Rolex Monterey Motorsports Reunion Showcases a Century of Winners with Le Mans Heritage Display, presented by MOTUL

 When Le Mans meets Monterey at the annual Rolex Monterey Motorsports Reunion, Aug. 17-20, there will likely be more 24 Hours of Le Mans-winning race cars assembled in one location in America than ever before. Complementing the four Le Mans-specific race groups will be an impressive Le Mans Legends Heritage display, presented by MOTUL, featuring a century of winners and significant cars that have competed in the French classic. These cars may no longer race, yet they represent the best of the legendary 24 Hours of Le Mans.
 
Curating the Le Mans Legends display is Ellen Bireley, who brings a wealth of experience and expertise. Bireley is a frequent concours judge at numerous prestigious events including the Pebble Beach and Amelia Island Concours d’ Elegance. She was the curator of August 2021’s Indy Car display at WeatherTech Raceway Laguna Seca, as well as numerous well received exhibits at the Petersen Automotive Museum and World of Speed Museum. Additionally, she served nearly three decades at the Indianapolis Motor Speedway Museum in various leadership roles. 
 
“Over the years, I have had the opportunity to get to know a wide range of owners and caretakers of these wonderful collections and help share their significance to the racing world,” said Bireley. “I even help supplement and gather historical information on their cars. I enjoy what I do, as it’s like putting together a great work of art when all the pieces come together.”
 
Three infrequently seen Le Mans winners are confirmed and will begin illustrating a century of speed from the 24 Hours of Le Mans.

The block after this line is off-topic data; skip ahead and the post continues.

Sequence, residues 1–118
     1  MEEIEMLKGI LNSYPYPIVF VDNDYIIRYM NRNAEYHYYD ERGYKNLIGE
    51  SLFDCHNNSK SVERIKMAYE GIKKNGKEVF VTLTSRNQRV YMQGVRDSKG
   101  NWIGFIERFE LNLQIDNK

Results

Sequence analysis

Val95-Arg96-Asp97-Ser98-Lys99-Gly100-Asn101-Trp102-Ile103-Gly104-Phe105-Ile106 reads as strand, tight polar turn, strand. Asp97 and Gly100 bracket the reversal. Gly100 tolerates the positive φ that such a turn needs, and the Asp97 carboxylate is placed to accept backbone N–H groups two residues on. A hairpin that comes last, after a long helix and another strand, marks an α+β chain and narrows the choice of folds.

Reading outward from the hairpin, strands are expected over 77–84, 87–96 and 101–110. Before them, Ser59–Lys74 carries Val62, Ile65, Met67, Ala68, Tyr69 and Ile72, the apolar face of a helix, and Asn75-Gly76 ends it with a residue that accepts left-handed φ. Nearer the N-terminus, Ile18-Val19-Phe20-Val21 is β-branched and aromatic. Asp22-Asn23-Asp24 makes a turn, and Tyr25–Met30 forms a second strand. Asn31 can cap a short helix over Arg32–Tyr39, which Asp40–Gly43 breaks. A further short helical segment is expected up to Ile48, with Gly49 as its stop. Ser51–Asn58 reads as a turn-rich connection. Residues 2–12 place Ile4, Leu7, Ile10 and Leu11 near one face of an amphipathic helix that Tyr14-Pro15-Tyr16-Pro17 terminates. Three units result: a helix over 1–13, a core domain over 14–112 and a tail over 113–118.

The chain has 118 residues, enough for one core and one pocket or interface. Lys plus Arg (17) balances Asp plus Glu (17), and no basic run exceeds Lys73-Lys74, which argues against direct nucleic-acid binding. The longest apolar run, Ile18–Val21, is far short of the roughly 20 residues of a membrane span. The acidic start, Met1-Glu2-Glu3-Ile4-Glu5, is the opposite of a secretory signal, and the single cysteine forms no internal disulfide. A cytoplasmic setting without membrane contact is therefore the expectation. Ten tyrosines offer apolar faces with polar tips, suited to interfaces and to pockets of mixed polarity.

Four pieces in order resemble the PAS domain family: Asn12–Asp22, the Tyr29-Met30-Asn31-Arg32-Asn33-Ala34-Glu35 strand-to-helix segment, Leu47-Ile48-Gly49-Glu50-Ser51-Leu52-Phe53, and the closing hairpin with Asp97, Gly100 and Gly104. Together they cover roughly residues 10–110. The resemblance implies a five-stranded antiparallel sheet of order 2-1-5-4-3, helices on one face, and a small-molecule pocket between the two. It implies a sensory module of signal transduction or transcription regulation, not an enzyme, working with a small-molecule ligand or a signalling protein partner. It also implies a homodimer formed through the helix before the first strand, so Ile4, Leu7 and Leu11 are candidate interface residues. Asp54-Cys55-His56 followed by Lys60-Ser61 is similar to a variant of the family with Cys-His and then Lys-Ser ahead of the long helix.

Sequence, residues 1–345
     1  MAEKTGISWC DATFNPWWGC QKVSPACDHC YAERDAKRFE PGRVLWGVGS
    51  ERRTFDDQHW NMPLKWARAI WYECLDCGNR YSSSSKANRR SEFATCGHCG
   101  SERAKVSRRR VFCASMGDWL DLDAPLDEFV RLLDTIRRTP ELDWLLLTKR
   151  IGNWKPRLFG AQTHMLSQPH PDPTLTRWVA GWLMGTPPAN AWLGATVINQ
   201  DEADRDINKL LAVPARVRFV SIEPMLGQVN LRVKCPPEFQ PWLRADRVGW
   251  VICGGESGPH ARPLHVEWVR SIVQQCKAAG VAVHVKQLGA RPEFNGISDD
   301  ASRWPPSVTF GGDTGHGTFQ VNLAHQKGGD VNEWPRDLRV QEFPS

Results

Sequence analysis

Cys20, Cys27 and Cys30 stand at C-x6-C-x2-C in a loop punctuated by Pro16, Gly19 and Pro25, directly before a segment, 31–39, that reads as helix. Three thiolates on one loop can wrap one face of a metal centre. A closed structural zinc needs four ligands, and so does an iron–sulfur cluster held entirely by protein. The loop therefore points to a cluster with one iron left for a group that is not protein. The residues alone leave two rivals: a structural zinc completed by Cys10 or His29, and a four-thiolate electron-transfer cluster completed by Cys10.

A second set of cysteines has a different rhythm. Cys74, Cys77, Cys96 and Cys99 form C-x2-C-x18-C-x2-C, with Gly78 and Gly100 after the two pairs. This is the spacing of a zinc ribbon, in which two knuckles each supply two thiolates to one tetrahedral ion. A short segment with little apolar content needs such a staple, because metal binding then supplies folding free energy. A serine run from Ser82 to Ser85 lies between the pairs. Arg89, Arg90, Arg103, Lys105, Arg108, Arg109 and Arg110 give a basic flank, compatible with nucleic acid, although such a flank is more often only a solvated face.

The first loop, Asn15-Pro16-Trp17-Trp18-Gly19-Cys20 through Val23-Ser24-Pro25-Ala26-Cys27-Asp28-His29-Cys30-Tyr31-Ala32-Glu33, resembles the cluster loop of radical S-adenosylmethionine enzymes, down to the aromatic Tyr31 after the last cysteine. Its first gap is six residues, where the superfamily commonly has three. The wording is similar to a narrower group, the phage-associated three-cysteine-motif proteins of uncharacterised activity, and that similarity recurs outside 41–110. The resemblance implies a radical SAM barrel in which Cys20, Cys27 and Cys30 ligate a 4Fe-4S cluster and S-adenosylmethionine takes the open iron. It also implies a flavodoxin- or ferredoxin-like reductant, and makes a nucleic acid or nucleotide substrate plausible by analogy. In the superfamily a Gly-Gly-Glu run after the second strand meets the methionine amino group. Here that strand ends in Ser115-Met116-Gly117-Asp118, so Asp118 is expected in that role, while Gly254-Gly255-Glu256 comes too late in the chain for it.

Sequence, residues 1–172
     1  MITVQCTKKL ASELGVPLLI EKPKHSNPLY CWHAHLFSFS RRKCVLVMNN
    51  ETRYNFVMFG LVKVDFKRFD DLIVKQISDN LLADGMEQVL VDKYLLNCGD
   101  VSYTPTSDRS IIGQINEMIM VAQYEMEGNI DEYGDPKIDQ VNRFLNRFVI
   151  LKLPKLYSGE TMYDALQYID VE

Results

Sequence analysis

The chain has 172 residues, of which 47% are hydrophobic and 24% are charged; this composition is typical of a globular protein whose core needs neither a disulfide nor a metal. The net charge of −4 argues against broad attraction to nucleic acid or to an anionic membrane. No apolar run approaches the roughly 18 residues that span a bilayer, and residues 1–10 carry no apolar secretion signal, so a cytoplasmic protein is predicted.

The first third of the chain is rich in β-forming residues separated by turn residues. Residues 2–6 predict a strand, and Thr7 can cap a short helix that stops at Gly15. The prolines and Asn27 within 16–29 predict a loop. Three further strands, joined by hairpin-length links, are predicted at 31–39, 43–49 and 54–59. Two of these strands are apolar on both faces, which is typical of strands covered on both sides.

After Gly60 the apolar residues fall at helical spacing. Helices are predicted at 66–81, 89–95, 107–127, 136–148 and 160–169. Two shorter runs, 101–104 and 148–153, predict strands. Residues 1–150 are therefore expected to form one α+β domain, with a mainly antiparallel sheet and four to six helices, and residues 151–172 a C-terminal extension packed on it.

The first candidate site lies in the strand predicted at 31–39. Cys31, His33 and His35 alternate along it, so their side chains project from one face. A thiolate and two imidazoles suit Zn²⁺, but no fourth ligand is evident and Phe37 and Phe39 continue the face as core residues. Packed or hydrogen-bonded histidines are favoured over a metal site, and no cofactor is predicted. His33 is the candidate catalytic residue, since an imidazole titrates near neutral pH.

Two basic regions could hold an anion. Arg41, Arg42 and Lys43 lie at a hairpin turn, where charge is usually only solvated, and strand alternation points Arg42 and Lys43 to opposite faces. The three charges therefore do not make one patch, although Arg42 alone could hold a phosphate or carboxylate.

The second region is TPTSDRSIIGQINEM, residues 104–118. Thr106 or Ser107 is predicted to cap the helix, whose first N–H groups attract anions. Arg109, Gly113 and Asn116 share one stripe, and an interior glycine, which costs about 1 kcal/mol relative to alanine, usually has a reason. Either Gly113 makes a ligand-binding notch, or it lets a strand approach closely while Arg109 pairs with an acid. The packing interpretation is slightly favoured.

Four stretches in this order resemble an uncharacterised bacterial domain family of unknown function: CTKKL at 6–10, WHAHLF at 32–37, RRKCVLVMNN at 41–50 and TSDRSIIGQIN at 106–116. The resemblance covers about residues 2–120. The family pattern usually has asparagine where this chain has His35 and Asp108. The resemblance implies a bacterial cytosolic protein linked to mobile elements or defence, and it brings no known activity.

1929 Bentley Old Number One (chassis #LB2332). Built in 1929, Old Number One was the second Speed Six built, and was done so specifically as a race car. It is perhaps best known for winning the 24 Hours of Le Mans outright in both 1929 and 1930. The car was originally fitted with an open four-seat fabric body by Vanden Plas to meet 1929 Le Mans requirements, however later in the same year a second shell was constructed by Vanden Plas for Brooklands racing. The bodies were changed as needed.
 

 
1966 Ford GT40 (chassis P/1046) was the first victory for the Ford Motor Company, which took 1st, 2nd, and 3rd overall. While the leading GT40s of McLaren/Amon and Miles/Hulme crossed the finish line at basically the same time, the Automobile Club de l’Ouest (ACO) determined that the #2 McLaren/Amon entry would take home the checkered flag. The ACO said chassis P/1046 covered more distance in 24 hours, as it had started the race some eight meters behind the Miles/Hulme car.
 

 
1979 Porsche 935 K3 (chassis 009 00015) was the first-ever victory of a rear-engine racing car at Le Mans and the 5th of 19 overall victories at Le Mans for Porsche. This works car was entered at Le Mans by Don and Bill Whittington, who, along with co-driver Klaus Ludwig, drove the 700-horsepower twin-turbo monster to a glorious overall win at the world’s most important endurance race.
 
Entry application for the 12 race groups is currently open through February 15 at https://register.weathertechraceway.com. Each car will be evaluated under strict criteria that includes authenticity, period-correct mechanical and livery, and provenance.
 
More than 400 authentic and historic race cars will be on track, each one steeped in history. From the pre-1920 Ragtime Racers where riding mechanics sit alongside the driver, to the sleek prototypes that swept through the Circuit des 24 Heures du Mans’ Mulsanne Straight at more than 200 mph, the variety of historic race cars at the Rolex Monterey Motorsports Reunion will be unmatched.
 
Due to the event’s popularity, there are a limited number of VIP ticket packages available, while multiday, individual tickets and camping are available online at www.WeatherTechRaceway.com or by calling the Ticket and Accommodations specialists at 831-242-8200.

 

(Courtesy of WeatherTech raceway)

Adam Sinclair